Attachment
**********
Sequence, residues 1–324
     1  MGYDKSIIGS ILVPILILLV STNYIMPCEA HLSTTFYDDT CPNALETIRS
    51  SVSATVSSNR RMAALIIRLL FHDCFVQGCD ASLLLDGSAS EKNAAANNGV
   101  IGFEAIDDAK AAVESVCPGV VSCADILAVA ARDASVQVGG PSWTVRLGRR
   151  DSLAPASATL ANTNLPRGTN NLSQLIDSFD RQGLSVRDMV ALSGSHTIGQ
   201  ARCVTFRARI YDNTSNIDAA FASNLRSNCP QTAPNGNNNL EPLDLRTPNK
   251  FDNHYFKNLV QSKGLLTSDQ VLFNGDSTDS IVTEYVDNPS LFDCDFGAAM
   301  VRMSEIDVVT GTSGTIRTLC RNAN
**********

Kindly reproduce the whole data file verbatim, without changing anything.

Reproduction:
Sequence, residues 1–324
     1  MGYDKSIIGS ILVPILILLV STNYIMPCEA HLSTTFYDDT CPNALETIRS
    51  SVSATVSSNR RMAALIIRLL FHDCFVQGCD ASLLLDGSAS EKNAAANNGV
   101  IGFEAIDDAK AAVESVCPGV VSCADILAVA ARDASVQVGG PSWTVRLGRR
   151  DSLAPASATL ANTNLPRGTN NLSQLIDSFD RQGLSVRDMV ALSGSHTIGQ
   201  ARCVTFRARI YDNTSNIDAA FASNLRSNCP QTAPNGNNNL EPLDLRTPNK
   251  FDNHYFKNLV QSKGLLTSDQ VLFNGDSTDS IVTEYVDNPS LFDCDFGAAM
   301  VRMSEIDVVT GTSGTIRTLC RNAN